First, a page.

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July 7th, 2014
By Anna Eshoo, Zoe Lofgren and Barbara Lee
“Sunlight is the best disinfectant”
— Supreme Court Justice William O. Douglas
Most of us hope all Americans have a fair chance to be successful without regard to ethnicity or gender.
But award-winning scientist Scott Page, in his book “The Difference,” mathematically proved that diversity makes for greater success in a venture. Diversity is not just an American value, it’s good for business.
However, the tech world has for too long been dominated by one gender and limited in ethnic diversity.
Now, as major companies such as Google, Yahoo, Facebook and LinkedIn have disclosed their workforce and leadership diversity data, it is painfully clear the sector faces a persistent and troubling deficit when it comes to women, African-Americans and Latinos.
We’d like to commend these companies and others that have provided this data. Are we satisfied with the picture it presents? Hardly. But as female members of a legislative body starkly unrepresentative of our nation, we know the first step in solving any challenge is recognizing there is one.
There are a number of ways in which these companies can address their lack of diversity. For example, board membership and top-level management should be diversified and recruitment practices for employees can be more inclusive.
Diversifying the tech workforce will not only boost the bottom line, but also provide African-American, Latino and female students with success stories in a field largely devoid of role models.
At the same time, Congress and statehouses across the nation must address education disparities that undermine income equality and American competitiveness.
Tech jobs are increasing, and with an average salary of $93,800 in 2012, they pay 98 percent more than the average private sector wage. But the number of students in STEM fields (science, technology, engineering and math) is far too low generally and it’s dismal when it comes to women, Latinos and African-American students.
In 12 states last year, not a single African-American high school student took the computer science Advanced Placement exam. The same was true for Latino students in eight states.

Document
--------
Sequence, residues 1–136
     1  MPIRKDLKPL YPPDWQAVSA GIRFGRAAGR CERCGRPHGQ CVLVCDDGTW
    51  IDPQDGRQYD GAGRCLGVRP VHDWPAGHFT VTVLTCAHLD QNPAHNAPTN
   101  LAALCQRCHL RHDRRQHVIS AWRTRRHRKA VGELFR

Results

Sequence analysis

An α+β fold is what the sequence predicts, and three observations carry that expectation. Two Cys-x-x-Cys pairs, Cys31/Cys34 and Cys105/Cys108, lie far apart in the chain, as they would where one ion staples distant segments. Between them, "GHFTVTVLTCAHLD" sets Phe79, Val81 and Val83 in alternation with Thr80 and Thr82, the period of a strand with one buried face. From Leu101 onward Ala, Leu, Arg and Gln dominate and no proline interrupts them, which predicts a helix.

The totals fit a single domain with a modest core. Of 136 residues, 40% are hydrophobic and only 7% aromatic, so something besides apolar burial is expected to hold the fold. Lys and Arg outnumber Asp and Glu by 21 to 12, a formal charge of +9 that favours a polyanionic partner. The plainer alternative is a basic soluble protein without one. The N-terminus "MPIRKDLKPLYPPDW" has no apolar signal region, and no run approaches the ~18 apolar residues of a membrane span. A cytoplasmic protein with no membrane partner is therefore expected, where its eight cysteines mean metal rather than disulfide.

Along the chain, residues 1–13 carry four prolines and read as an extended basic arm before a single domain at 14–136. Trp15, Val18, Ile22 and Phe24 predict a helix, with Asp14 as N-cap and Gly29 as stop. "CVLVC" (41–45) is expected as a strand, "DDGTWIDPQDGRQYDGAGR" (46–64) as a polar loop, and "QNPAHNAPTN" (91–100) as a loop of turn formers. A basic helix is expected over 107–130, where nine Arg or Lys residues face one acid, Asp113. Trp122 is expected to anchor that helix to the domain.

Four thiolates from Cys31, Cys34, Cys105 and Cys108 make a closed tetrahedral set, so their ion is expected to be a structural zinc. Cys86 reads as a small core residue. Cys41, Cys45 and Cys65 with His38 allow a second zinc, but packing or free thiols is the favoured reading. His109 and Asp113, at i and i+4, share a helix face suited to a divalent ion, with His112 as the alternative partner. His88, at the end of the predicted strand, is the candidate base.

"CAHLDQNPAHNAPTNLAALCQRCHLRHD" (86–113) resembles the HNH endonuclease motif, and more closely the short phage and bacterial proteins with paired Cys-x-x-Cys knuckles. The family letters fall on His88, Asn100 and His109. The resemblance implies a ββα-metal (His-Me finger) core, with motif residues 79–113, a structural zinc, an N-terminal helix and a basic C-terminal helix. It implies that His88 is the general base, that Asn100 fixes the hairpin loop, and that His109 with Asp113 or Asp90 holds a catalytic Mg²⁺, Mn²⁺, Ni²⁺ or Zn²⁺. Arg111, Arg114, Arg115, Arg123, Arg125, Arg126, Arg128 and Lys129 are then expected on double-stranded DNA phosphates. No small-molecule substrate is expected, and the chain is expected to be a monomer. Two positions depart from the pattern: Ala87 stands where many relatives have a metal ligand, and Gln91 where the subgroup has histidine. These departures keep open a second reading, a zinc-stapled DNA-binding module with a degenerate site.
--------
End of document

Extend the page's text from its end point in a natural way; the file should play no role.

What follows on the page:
The number of women pursuing computer science degrees has actually shrunk over the past three decades to the point that only 0.4 percent of incoming college women intend to major in computer sciences.
The reasons are complex, but we all need to play a role in the remedies.
Google, Yahoo and LinkedIn have set a good example for Silicon Valley and we encourage all tech companies to be equally candid about their work forces.
Transparency promotes fairness. Data about applicants and new hires, pay equity, promotions and management composition reported by race, gender and ethnicity promotes equal opportunity.
With more transparency, American individuals and investors could make better-informed decisions about investing in companies that leverage ability with diversity. With more data, job-seekers and employees will have better information to decide where to work and consumers can make informed choices about where to spend their money.
The tech sector has been wildly successful. Imagine what could be achieved if we took Page’s advice and leveraged diversity.
There’s a phrase we sometimes hear in Silicon Valley: “If you can’t measure it, it doesn’t exist.”
On this important matter of employment diversity, if we don’t measure where we are, we are unlikely to get where we need to go. If we can be a leader for the country on innovation, creativity and job growth, surely we can lead on diversity as well.
Anna Eshoo, D-Palo Alto; Zoe Lofgren, D-San Jose; and Barbara Lee, D-Oakland, are members of the 113th Congress. Published in the July 7, 2014 edition of the San Jose Mercury News.
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